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Examples of current approaches to the representation of scientific statements, hypotheses and relationships

This page will collect examples of current RDF/OWL - based approaches to the representation of scientific statements, hypotheses and relationships, as well as discourse representation.


The SWAN ontology is representing the scientific discourse through 'Discourse Elements', these are typically 'Hypothesis', 'Claim', 'Research Question' and 'Comment'. The discourse elements can:

  • refer or be connected to other discourse elements through relationships like: consistent, inconsistent and alternative.
  • refer or be connected to other entities such as - supportive, discussing or refuting - evidence and life science entities - genes, proteins, organisms, antibodies, GO processes...
  • be annotated with controlled vocabularies - also SKOS based vocabularies
  • be organized to define a scientific discourse - for instance an hypothesis can be represented as a discourse made of claims, questions and/or other hypothesis
  • refer or be connected with experiments and experimental data (in progress)

for more details see the SWAN Ontology.

Example of Claim

The following claim has been extracted from the SWAN Alzheimer Knowledge Base. As the SWAN Alzheimer knowledge base is currently using LSIDs as unique identifiers - we are in the process of changing our naming strategy - for demonstrations purposes only I will use more readable unique identifiers.

<http://hypothesis.alzforum.org/researchstatement/100> a swan_discourse-elements:ResearchStatement ;
   swan_discourse-elements:title "Aside from its well-established role in promoting the stabilization of microtubules (MTs), tau may have additional functions as a result of its interactions with other structures and enzymes"@en;
   swan_discourse-elements:description "Poorly defined interactions and functions of tau contribute to the difficulty of understanding how pathologically altered tau mediates neurodegeneration. For example, tau interacts with the plasma membrane, the actin cytoskeleton and with src tyrosine kinases such as FYN."@en;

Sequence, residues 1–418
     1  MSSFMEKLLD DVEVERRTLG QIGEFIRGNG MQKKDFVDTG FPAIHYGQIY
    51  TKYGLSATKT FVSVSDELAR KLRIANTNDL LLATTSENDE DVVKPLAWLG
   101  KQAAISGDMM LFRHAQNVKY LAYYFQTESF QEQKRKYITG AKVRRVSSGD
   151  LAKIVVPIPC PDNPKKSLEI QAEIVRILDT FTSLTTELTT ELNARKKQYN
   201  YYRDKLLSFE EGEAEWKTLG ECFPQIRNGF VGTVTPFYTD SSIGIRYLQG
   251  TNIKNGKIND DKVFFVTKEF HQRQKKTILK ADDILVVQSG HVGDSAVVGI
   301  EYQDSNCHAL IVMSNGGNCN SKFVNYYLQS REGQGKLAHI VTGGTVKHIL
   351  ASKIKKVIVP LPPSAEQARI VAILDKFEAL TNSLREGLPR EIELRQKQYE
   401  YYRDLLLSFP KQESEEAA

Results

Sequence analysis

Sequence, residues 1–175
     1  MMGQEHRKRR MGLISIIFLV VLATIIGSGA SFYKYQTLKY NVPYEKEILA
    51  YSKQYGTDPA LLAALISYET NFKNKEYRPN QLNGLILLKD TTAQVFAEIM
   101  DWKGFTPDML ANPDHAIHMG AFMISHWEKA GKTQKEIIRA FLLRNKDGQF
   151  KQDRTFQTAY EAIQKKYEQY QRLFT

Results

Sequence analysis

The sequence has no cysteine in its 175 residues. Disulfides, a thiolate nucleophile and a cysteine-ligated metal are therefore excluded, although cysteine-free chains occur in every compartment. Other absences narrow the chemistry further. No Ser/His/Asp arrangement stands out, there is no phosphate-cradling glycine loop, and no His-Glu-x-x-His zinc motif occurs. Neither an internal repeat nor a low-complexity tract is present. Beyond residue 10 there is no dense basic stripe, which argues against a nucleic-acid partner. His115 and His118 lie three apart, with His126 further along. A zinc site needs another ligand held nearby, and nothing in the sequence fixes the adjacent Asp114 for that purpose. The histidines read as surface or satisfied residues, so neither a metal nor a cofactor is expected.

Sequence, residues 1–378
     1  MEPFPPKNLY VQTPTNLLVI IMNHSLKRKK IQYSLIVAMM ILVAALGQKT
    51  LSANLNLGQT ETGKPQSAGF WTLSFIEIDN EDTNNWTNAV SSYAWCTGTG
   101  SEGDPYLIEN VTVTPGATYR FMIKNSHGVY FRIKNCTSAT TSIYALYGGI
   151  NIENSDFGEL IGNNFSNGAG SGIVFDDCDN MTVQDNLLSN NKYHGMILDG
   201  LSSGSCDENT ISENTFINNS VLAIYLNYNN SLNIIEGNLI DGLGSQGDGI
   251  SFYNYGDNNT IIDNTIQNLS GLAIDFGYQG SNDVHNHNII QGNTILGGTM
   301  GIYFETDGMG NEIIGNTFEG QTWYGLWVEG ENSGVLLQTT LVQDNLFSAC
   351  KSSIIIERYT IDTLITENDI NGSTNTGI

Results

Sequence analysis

swan_commons:citesAsSupportiveEvidence <http://hypothesis.alzforum.org/citation/321>,
   swan_commons:researchStatementQualifiedAs <http://swan.mindinformatics.org/ontologies/1.2/rsqualifiers/claim>;
   swan_qualifiers:qualifiedBy <http://swan.mindinformatics.org/ontologies/1.2/pathogenic-narrative/initial_condition>;
   swan_discourse-relationships:refersTo <http://hypothesis.alzforum.org/protein/201>;
   swan_pav:curatedBy <http://hypothesis.alzforum.org/people/gwen_wong>;
   swan_pav:createdBy <http://hypothesis.alzforum.org/people/elizabeth_wu>;
   swan_pav:createdOn "April 1, 2009".

Example of Hypothesis

The following hypothesis has been extracted from the SWAN Alzheimer Knowledge Base and contains the claim of the previous example. The number of contained statements has been reduced to increase readability.

<http://hypothesis.alzforum.org/researchstatement/99> a swan_discourse-elements:ResearchStatement ;
   swan_discourse-elements:title "Tau-linked disease processes drive the onset and progression of AD and related tauopathies"@en;
   swan_discourse-elements:description "This hypothesis suggests that tau mediates neurodegeneration. The authors provide analysis of the progress made towards a mechanistic  understanding of tau-mediated neurodegeneration, and a discussion of the therapeutic strategies that target the most severe toxic consequences of tau pathologies. This hypothesis summarizes the current understanding of normal tau functions and the pathogenic effects of tau aggregates in AD and related neurodegenerative tauopathies, in the onset and progression of these disorders."@en;
   swan_commons:researchStatementQualifiedAs <http://swan.mindinformatics.org/ontologies/1.2/rsqualifiers/hypothesis>;
   swan_discourse-elements:contains <http://hypothesis.alzforum.org/researchstatement/100>,
   swan_citations:derivedFrom <http://hypothesis.alzforum.org/citation/320>;
   swan_pav:authoredBy <http://hypothesis.alzforum.org/personname/23>,
   swan_pav:curatedBy <http://hypothesis.alzforum.org/people/gwen_wong>;
   swan_pav:createdBy <http://hypothesis.alzforum.org/people/elizabeth_wu>;
   swan_pav:createdOn "April 1, 2009".

<http://hypothesis.alzforum.org/personname/23> a swan_agents:PersonName ;
   swan_agents:firstName "Carlo";
   swan_agents:lastName "Ballatore".

<http://hypothesis.alzforum.org/personname/24> a swan_agents:PersonName ;
   swan_agents:firstName "Virginia";
   swan_agents:lastName "Lee".

<http://hypothesis.alzforum.org/personname/25> a swan_agents:PersonName ;
   swan_agents:firstName "John";
   swan_agents:lastName "Trojanowski".